PITTSBURGH - Dream goal - It wasn't the prettiest goal, but Pittsburgh checking forward Adam Hall lived out a fantasy by scoring the game-winner in a Stanley Cup final on Wednesday night.
Hall was behind the Detroit net when he banked the game-winner in off the back of one of scrambling goalie Chris Osgood's legs.
"There's no one way you dream about scoring it," the 27-year-old from Kalamazoo, Mich., said Thursday. "You just kind of dream about the celebration - your teammates rushing in.
"You never get to pick and chose what situation you end up in. You just do everything you can out there. It was just a great feeling."
Sage advice - Some coaches call on a former teammate or coaching mentor when they need advice. Detroit Red Wings coach Mike Babcock solicits help from one of the most successful coaches in pro sports history.
Babcock has the advantage of being able to talk to former Red Wings coach Scotty Bowman face-to-face during the Stanley Cup finals, because Bowman was in Pittsburgh to drop the ceremonial first puck before Game 3.
Babcock leans heavily on Bowman's advice, and why wouldn't he? Bowman is a nine-time Cup winner with Montreal, Pittsburgh and Detroit and he still watches numerous games at his home in Florida.
"We talk about if their coach does this, what am I going to do?" Babcock said Thursday. "And if he does that. Or did you like this player last night? Or what did you think of this? We go through it all."
Orpik's Epic - If the Penguins rally to win the Stanley Cup, defenceman Brooks Orpik's third-period shift during their 3-2 win in Game 3 is likely to be recalled for years.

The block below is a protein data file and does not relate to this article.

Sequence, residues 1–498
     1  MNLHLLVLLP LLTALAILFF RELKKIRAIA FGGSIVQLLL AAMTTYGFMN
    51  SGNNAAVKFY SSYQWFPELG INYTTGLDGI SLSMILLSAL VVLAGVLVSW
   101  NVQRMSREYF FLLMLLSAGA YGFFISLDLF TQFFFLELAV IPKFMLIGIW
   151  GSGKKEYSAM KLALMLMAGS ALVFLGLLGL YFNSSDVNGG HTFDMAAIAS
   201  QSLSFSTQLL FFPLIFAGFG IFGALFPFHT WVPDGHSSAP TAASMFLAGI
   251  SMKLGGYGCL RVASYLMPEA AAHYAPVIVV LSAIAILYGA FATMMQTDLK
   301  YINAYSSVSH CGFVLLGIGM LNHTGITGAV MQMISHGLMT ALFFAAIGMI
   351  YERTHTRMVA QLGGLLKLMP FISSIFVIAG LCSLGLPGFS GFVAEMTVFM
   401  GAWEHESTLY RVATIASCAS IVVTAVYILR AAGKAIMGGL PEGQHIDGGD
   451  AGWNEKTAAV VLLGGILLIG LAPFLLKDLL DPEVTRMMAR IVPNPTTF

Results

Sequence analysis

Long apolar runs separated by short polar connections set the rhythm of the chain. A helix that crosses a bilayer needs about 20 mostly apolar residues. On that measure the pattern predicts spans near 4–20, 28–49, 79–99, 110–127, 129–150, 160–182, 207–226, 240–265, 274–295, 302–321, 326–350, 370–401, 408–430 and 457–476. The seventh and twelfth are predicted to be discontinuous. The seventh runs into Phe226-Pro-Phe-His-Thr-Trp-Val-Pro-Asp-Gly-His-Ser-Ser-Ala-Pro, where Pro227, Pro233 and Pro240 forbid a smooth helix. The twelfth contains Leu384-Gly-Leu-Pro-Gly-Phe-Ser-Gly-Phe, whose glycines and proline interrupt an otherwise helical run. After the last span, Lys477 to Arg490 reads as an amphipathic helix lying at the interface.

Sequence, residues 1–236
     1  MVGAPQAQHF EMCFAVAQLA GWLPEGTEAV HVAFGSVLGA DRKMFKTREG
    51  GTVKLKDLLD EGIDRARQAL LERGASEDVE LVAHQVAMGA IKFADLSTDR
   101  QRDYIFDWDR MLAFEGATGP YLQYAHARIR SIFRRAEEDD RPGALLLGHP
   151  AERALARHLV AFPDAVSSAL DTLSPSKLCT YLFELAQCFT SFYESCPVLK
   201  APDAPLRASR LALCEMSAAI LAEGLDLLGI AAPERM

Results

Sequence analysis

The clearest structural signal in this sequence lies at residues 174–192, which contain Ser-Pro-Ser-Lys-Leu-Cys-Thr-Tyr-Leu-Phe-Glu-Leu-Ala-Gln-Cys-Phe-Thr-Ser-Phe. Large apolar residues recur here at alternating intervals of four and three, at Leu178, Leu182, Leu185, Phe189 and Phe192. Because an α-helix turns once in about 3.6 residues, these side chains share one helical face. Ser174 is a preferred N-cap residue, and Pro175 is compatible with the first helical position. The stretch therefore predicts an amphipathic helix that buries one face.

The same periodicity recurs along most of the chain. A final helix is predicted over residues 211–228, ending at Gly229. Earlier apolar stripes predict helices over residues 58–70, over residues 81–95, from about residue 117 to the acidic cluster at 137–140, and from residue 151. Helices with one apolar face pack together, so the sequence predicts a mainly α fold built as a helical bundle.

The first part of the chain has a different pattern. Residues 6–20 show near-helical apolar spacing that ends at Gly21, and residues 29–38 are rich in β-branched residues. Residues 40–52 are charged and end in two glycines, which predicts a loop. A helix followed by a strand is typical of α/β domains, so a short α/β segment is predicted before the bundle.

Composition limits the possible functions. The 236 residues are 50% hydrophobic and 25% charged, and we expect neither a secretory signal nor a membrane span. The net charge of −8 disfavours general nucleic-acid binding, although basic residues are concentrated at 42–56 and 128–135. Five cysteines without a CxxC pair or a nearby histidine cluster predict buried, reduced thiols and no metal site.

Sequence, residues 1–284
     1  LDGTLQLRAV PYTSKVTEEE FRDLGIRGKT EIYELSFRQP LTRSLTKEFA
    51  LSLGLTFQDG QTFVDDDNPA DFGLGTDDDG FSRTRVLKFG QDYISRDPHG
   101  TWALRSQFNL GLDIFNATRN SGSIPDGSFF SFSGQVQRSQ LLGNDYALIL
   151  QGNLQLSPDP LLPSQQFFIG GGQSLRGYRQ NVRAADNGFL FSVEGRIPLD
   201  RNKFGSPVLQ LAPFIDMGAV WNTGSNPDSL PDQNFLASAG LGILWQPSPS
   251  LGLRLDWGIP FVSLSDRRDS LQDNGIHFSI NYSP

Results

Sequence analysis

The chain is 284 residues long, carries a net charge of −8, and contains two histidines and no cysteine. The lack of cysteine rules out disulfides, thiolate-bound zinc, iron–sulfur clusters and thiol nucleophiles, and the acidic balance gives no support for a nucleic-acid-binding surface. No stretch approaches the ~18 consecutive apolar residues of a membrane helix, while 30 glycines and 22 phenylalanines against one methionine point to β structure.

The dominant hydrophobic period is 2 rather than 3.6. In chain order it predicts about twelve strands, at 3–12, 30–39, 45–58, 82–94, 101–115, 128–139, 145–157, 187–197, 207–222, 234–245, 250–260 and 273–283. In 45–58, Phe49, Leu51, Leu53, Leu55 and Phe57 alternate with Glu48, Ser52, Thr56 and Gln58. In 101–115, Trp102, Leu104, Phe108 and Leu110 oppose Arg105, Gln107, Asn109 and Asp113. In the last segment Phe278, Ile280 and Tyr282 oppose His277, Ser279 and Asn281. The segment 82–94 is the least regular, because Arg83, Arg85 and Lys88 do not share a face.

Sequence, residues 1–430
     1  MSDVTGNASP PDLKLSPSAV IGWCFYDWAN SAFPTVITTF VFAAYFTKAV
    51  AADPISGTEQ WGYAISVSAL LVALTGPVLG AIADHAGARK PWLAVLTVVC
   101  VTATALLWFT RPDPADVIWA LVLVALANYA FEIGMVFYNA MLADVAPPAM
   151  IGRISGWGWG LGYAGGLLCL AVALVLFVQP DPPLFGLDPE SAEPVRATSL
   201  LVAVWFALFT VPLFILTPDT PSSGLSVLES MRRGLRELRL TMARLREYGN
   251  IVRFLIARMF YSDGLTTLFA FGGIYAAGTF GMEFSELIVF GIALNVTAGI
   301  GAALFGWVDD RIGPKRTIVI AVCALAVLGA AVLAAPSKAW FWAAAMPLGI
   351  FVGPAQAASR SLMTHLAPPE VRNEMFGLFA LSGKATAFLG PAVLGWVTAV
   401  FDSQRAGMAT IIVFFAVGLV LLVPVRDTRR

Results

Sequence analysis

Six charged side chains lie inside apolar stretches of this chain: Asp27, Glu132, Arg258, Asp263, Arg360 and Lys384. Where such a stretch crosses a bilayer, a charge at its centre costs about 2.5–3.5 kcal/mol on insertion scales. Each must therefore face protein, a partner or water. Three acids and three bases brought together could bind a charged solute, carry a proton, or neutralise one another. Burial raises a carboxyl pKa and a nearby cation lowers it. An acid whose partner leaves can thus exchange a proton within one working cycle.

Throwing his body around recklessly, Orpik was credited with four hits in a 14-second span as the Penguins fought to get the Red Wings out of their zone. Orpik had two hits on Dallas Drake and one each on Kris Draper and Daniel Cleary.
Orpik said it is important for the much younger Penguins to be physical against the Red Wings, especially the longer the series goes.
"That was awesome," teammate Max Talbot said. "I mean, it was probably one of the loudest moments I've seen (from) this crowd. It was great. The shift was just amazing".
Orpik said he wasn't being carelessly aggressive because that might have created a scoring chance.
"The opportunity was there and, when it's there this time of the year, you really want to make them pay," Orpik said. "Like I said, that's kind of my role on the team".
Silent Sid - For the first time since the Stanley Cup playoffs began during the first week of April, Sidney Crosby got a day off Thursday. From the media, that is.
Crosby, the Penguins' captain, had met with the media each day of the post-season and, sometimes, twice a day. The only exception came when the Penguins had extended breaks between series.
But during an off day Thursday in which neither team skated, the Penguins sent forwards Max Talbot and Hall and defencemen Orpik and Ryan Whitney as their media representatives.
No doubt for Crosby, it was a much-welcomed day of silence following his two-goal game Wednesday.
Odds on Wings - Three of the last four teams to take a 2-1 series lead into a road Game 4 of the Stanley Cup finals won, with the exception being New Jersey in 2003 against Babcock's Anaheim Mighty Ducks. The Devils won that series in seven games after leading 2-0.
Neither team is doing much with a man advantage. Detroit is 2-for-19 on the power play and Pittsburgh is 1-for-11.
First regulation loss since '95 - The Detroit Red Wings 3-2 defeat at the hands of the Pittsburgh Penguins in Game 3 was their first loss in regulation time in a Stanley Cup final series in nearly two decades.
The last was in 1995, when the New Jersey Devils completed a sweep of the Wings with a 5-2 win on June 24.
On their next two trips to the final, the Red Wings swept Philadelphia in 1997 and Washington in 1998.
In 2002, Detroit lost the opening game 3-2 to Carolina, but it was in overtime. They swept the next four games to claim their 10th Stanley Cup.
-With files from The Associated Press.